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Untreated diabetic + ketosis = even higher blood sugar?

  1. Apr 14, 2015 #1
    Since most normal body cells do need insulin to take up glucose, do type 1 diabetics instead have to run off of ketone bodies when insulin is not present?
    *If this is the case, wouldn't weight loss in untreated type 1 diabetics actually make their blood sugar go even higher but also be necessary, since their other body cells can't function without ketone bodies for fuel?

    Thanks! :)
  2. jcsd
  3. Apr 14, 2015 #2
    In order to break down body fat or muscle, do you first have to undergo glycogenolysis and then gluconeogenesis?

    I assume ketone bodies (made in the liver from fatty acids) are just used as a way to export acetyl CoA (derived from body fat, fat from food, muscle, or protein from food) to other body cells... Is this right?

    In order to even break down fat and access the fatty acids, don't you have to be out of sugar to metabolize?
    Does the drop in blood sugar trigger glycogenolysis and then gluconeogenesis after glycogen stores are depleted?
    I was thinking that gluconeogenesis was the only way fat or protein could get broken down...

    Is that right...? :/ ...very confused... :(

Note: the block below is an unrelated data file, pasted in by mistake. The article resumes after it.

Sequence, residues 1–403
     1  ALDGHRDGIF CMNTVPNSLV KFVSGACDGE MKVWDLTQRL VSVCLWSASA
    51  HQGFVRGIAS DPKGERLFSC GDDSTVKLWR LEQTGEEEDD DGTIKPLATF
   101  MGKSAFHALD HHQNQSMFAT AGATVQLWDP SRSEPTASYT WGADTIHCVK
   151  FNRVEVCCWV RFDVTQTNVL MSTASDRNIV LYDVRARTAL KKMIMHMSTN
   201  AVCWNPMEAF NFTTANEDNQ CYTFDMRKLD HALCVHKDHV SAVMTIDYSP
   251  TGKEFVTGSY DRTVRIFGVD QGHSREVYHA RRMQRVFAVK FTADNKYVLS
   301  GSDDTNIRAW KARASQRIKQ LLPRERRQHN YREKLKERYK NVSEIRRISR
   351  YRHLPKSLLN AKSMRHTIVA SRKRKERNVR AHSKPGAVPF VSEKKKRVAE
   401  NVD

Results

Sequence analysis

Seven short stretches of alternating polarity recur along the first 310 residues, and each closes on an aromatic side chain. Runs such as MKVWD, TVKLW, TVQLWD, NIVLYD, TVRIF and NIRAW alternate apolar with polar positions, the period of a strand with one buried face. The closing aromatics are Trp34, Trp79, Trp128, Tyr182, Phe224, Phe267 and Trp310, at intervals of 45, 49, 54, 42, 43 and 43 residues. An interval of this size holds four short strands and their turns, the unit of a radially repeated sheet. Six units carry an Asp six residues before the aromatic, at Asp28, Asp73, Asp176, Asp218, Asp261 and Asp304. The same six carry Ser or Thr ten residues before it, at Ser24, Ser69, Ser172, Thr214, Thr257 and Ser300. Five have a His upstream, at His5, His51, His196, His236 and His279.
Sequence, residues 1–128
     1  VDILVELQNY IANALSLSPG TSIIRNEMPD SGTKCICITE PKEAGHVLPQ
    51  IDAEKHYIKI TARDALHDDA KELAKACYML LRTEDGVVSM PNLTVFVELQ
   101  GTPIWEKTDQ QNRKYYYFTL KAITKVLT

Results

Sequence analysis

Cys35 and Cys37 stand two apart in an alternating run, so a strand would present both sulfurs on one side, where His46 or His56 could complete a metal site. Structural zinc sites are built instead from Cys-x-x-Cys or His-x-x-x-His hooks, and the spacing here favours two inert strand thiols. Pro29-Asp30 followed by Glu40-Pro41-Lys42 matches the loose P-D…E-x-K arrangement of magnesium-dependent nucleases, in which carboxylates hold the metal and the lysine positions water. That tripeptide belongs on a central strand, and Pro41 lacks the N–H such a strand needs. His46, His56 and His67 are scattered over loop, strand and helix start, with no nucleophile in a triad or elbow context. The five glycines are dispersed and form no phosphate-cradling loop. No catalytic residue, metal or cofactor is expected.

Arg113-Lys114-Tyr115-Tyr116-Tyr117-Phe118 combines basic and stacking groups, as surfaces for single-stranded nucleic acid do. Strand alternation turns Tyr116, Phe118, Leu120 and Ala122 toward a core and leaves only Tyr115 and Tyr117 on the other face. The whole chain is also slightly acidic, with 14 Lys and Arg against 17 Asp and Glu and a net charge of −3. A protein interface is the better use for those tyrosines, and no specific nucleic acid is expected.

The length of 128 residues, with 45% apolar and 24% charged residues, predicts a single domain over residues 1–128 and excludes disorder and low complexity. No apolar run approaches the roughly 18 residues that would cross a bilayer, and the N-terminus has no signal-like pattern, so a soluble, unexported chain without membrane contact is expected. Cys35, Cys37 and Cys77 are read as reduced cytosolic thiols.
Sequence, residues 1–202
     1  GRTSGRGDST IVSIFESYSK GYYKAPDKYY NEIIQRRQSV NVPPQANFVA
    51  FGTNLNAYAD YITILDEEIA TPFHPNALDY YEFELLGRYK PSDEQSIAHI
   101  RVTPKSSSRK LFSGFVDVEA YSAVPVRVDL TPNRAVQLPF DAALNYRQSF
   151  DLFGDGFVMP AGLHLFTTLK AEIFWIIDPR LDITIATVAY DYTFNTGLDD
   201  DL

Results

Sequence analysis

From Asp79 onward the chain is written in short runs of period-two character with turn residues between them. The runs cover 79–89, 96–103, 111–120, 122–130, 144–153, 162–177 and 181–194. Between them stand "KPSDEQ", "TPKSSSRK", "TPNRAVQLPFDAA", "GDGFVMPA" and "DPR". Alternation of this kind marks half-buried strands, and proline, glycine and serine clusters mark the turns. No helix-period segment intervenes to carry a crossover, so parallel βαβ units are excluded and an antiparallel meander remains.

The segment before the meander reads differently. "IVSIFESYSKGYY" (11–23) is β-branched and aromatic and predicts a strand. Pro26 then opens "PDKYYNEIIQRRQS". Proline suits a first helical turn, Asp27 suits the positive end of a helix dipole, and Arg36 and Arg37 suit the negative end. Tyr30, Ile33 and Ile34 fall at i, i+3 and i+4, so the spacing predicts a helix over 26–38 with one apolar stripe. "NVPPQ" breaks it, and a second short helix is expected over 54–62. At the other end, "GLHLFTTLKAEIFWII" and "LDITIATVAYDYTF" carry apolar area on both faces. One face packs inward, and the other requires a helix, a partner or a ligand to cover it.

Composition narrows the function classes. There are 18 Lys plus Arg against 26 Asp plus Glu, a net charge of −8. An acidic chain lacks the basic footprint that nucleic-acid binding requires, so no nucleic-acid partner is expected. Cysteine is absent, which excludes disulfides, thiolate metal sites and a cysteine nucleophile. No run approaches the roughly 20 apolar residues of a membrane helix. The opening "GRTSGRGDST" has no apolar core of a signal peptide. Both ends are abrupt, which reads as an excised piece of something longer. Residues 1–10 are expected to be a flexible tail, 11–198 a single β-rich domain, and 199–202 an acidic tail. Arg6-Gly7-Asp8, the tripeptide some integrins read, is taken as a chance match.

Thanks so much!
    Last edited by a moderator: Apr 21, 2015
  4. Apr 14, 2015 #3
    My understanding is that monosaccharides circulating in the bloodstream enter cells to undergo cellular respiration.
    Glucose requires insulin to enter cells, but fructose and galactose do not (insulin-independent)?

    Is the above statement correct?

    I was wondering, then, if untreated diabetics only ate fructose and galactose-would their blood sugar always be normal? They wouldn't need insulin, then, it seems...
  5. Apr 14, 2015 #4
    Glucose is taken into cells using GLUT proteins, which enable their facilitated diffusion. GLUT4 proteins found in muscles cells are not permanently present in the plasma membrane, and are usually kept in the cytoplasm. When insulin binds to its specific receptor outside the cell, thr GLUT4 proteins fuse with the plasma membrane, and glucose is then able to move into the cell. In reality of course, insulin concentrations vary continuously, and so does the number of these protein molecules present on the plasma membranes of muscle cells.

    Brain cells and liver cells have GLUT1 and GLUT2 proteins respectively, and these are always present in the plasma membrane of these cells, so their glucose uptake would continue even in the absence of insulin.
  6. Apr 14, 2015 #5


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  7. Apr 14, 2015 #6


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